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But if a black European (of which there are a great many) won a Grand Tour, I wouldn't consider that a victory for Africa. It's more a question of someone who is culturally African and is a product of African cycling.
So you see a Black African GT victory as a "victory" for Africa.
Well, if you mean Black Africans from West Sub-Saharan Africa -- if I were you, I wouldn't hold my breath.
Now, a Black from Kenya, maybe one day.
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Old 01-12-13, 07:20 PM   #13
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So you see a Black African GT victory as a "victory" for Africa.
Well, if you mean Black Africans from West Sub-Saharan Africa -- if I were you, I wouldn't hold my breath.
Now, a Black from Kenya, maybe one day.
That's not what I meant. I was replying to your comment:

African blood?
Why don't people say what they mean?
If one means to ask: will a black ever win the TDF, then ask: will a black ever win the TDF. lol

The point I was trying to make is that colour is irrelevant. I don't consider Froome to be an African cyclist, not because he is white, but because he is culturally British. A champion from North Africa or a white South African would have complete legitimacy as an African champion.
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Old 01-14-13, 09:21 AM   #14
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Well if i had the chance of a rhino or a cheetah after my butt in the middle of road i would get fast and strong quite fast!!

.
It's the antelope you have to watch for.

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Old 01-14-13, 10:59 AM   #15
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The point I was trying to make is that colour is irrelevant. I don't consider Froome to be an African cyclist, not because he is white, but because he is culturally British.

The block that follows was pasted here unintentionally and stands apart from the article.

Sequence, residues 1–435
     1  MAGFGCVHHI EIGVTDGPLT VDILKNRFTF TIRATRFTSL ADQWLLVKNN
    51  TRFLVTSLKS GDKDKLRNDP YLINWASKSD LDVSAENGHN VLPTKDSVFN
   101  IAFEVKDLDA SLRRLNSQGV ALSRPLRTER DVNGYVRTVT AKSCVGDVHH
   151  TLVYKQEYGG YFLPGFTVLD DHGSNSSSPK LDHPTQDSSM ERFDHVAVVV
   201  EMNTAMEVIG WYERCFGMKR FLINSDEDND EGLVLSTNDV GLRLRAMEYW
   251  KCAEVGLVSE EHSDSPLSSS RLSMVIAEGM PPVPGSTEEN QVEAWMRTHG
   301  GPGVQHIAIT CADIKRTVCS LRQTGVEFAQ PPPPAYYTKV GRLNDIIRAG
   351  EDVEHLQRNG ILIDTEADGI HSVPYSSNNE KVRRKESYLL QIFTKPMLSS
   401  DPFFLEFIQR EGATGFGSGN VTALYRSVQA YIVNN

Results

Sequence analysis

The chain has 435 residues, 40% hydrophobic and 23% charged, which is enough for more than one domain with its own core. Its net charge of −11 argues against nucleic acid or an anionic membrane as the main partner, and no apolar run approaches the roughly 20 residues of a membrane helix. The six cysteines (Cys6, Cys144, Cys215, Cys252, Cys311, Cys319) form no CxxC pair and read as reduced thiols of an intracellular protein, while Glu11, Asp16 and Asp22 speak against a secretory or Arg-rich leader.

I'd imagine someone from Kenya is as culturally different from someone from Morocco as someone
from the United States. Seems more than a bit silly to speak of or intimate there is such a thing as
"African culture," when the cultures among the peoples of Africa are so different.
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Old 01-14-13, 12:43 PM   #16
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Yes
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Old 01-14-13, 03:44 PM   #17
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Seems more than a bit silly to speak of or intimate there is such a thing as
"African culture," when the cultures among the peoples of Africa are so different.
But they all look alike*.

You know, it'll be nice when we stop making any kind of a "deal" about when/if can/can't some one do something based on whatever stupid criteria we use to break people up into little granfalloons

Hell of a lot more difference between a Great Dane and a chihuahua then there are among people. Still dogs. Still people.

* This is sarcasm.
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Old 01-19-13, 07:43 AM   #18